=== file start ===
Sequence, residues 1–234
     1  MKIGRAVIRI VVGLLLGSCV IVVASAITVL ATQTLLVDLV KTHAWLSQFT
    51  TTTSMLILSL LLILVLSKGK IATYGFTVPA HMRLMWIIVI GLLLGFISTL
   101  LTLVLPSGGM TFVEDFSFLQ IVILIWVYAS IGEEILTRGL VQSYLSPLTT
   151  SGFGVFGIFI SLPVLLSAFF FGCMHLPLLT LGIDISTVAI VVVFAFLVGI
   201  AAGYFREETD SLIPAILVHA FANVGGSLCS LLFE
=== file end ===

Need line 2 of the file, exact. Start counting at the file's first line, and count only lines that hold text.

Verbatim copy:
     1  MKIGRAVIRI VVGLLLGSCV IVVASAITVL ATQTLLVDLV KTHAWLSQFT